This is, once again, a summary of a longer post authored by me on my own blog. My blog covers a lot of areas, including Vedic Mathematics. If you are interested in reading my thoughts on other topics, please feel free to visit my blog and post comments on the other articles you find there also! Thank you!

In the previous lesson, we learned how to solve an equation by using an operation called a merger. In that lesson, we applied the merger to a standard form of equation in which the coefficients of the unknown in each term of the equation was unity. In this lesson, we will extend the merger operation to deal with a bigger set of equations: equations in which the coefficients of the unknown terms are not necessarily unity.

In particular, in the previous lesson, we considered equations of the sort below:

p/(x + a) + q/(x + b) = (p + q)/(x + c)

Now, consider an equation like the one below:

3/(2x + 3) + 4/(2x + 5) = 7/(2x -7)

We notice that the coefficients of the unknowns in the equation above are not unity. But we also notice that they are the same (2) in all terms of the equation. Moreover, the numerators on the left hand side add up to the numerator on the right. The question therefore arises as to whether a merger is possible under this scenario. Is it?

It turns out that it is indeed possible to merge the term on the right hand side into the terms on the left hand side using the series of steps below:

3/(2x + 3) + 4/(2x + 5) = 7/(2x – 7) becomes

3/(2x + 3) + 4/(2x + 5) = 3/(2x – 7) + 4/(2x – 7) becomes

3/(2x + 3) – 3/(2x – 7) + 4/(2x + 5) – 4/(2x – 7) = 0 becomes

[3*(2x – 7) – 3*(2x + 3)]/[(2x + 3)*(2x – 7)] + [4*(2x – 7) – 4*(2x + 5)]/[(2x + 5)*(2x – 7)] = 0 becomes

[1/(2x – 7)]*[(6x – 21 – 6x – 9)/(2x + 3) + (8x – 28 – 8x -20)/(2x + 5)] = 0 becomes

-30/(2x + 3) – 48/(2x + 5) = 0 becomes

30/(2x + 3) + 48/(2x + 5) = 0.

At this point, we recognize that the equation is actually a general form of the fourth type of equation we identified in an earlier lesson on solving equations using the Paravartya Yojayet sutra. We then apply the formula we derived for such equations directly from that lesson, and solve the equation to get x = (-30*5 – 48*3)/(30*2 + 48*2) = -49/26. We can verify that this is indeed the correct solution of the given equation.

Thus, we can generalize the form of equation that can be solved using merger to the equation below:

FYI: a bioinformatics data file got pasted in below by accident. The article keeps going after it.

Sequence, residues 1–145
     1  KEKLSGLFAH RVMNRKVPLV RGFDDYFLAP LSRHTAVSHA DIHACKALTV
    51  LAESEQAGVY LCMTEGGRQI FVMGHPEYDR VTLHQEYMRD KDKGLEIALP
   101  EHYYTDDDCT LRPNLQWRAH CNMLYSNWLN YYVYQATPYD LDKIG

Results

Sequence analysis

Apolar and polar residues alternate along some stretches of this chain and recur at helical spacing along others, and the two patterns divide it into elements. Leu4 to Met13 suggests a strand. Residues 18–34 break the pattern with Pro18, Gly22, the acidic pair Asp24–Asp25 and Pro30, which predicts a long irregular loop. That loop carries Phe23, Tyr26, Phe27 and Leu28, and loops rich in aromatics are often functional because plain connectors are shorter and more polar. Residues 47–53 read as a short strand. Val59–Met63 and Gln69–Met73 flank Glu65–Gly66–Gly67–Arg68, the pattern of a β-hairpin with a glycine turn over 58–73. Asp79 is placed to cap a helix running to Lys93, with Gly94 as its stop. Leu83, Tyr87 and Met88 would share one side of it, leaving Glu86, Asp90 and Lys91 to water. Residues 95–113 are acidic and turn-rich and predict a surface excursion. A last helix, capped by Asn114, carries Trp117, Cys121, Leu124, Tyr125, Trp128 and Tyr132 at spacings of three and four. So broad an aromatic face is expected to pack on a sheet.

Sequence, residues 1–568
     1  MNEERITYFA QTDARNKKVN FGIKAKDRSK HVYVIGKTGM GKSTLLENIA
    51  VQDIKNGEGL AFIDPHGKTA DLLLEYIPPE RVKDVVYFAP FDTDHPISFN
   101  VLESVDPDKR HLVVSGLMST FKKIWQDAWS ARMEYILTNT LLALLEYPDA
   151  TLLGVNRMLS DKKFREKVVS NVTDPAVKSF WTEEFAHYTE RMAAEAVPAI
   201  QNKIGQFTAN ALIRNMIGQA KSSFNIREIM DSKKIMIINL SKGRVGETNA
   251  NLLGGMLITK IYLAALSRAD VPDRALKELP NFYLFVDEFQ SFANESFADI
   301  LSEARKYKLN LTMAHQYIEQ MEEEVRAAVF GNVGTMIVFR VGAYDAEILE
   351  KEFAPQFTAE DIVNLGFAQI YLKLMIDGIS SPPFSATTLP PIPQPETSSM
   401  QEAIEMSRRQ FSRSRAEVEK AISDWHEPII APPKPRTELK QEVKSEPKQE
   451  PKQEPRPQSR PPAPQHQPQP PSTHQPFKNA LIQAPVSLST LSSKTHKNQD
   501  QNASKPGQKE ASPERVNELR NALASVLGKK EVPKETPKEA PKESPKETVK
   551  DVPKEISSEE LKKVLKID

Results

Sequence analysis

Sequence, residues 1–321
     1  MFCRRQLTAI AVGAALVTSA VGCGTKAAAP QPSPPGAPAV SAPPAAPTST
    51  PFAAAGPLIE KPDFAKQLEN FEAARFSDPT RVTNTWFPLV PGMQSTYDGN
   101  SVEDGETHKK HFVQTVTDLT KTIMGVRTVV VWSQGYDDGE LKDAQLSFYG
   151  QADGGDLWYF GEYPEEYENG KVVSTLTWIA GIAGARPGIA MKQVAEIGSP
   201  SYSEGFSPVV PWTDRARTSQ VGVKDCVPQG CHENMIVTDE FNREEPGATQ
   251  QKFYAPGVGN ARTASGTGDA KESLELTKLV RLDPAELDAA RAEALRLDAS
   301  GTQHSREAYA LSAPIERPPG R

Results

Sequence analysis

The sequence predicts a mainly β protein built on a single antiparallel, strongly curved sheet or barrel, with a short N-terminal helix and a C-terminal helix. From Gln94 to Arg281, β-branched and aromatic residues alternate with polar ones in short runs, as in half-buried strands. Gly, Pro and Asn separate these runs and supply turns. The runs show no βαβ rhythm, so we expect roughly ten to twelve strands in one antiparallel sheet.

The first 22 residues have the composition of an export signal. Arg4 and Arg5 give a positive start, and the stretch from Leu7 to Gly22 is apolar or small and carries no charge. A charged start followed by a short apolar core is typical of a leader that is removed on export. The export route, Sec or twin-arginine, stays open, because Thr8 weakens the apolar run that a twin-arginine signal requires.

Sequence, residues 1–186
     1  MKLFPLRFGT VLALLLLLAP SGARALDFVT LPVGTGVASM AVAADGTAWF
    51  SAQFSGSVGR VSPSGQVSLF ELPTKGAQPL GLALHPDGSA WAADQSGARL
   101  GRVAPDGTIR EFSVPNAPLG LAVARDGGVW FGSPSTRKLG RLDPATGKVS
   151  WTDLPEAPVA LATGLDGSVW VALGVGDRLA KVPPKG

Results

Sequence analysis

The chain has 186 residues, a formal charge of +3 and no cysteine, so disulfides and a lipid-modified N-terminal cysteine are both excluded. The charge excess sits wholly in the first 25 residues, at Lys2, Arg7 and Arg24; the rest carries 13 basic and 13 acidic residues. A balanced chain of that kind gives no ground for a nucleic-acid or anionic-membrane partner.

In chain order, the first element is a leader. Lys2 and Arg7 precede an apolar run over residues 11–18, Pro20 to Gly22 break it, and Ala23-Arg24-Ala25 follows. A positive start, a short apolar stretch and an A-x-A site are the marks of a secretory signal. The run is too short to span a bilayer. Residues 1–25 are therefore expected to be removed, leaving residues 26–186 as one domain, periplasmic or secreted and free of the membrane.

p/(ax + b) + q/(ax + c) = (p + q)/(ax + d)

What is the solution of the above general form of equation? By going through the merger operation step by step as illustrated with the example above, we can derive the solution to it as below:

p/(ax + b) + q/(ax + c) = p/(ax + d) + q/(ax + d) becomes

p/(ax + b) – p/(ax + d) + q/(ax + c) – q/(ax + d) = 0 becomes

[p(ax + d) – p(ax + b)]/[(ax + b)(ax + d)] + [q(ax + d) – q(ax + c)]/[(ax + c)(ax + d)] = 0 becomes

[1/(ax + d)]*[(pd – pb)/(ax + b) + (qd – qc)/(ax + c)] = 0 becomes

(pd – pb)/(ax + b) + (qd – qc)/(ax + c) = 0

Since the numerators are now constants without any unknown quantities in them, the formula from the lesson on solving equations using the Paravartya Yojayet sutra is applicable. We get the solution as:

x = [p*(b – d)*c + q*(c – d)*b]/[a*(p*(d – b) + q*(d – c))]

Once again, the equation looks quite complicated when written down using letters, but once we start applying it, we can recognize the pattern of appearance of various terms in the equation, and after some practice, quickly become able to substitute the appropriate values in the appropriate places to solve equations quickly and efficiently.

In fact, the formula above is actually the same as the formula we derived in the previous lesson except for an extra division by “a” (the coefficient of the unknown quantity in each of the terms of the equation). Thus, this formula becomes the same as the previous formula if in fact the unknown quantities have a coefficient of unity in all the terms of the equation.

For some examples of how to apply the formula above to some real equations, as well as some corollary results that give rise to simpler formulae for the solution provided certain conditions are met, please visit my blog and read the full lesson here. You can also find links to all my previous posts on Vedic Mathematics in the full lesson in my blog.

Thus, in this lesson, we have extended the merger operation to cover a more general case. We have derived a formula for solving equations of the type that can be solved using this more general form of merger. In the next lesson, we will deal with some more extensions of the merger operation.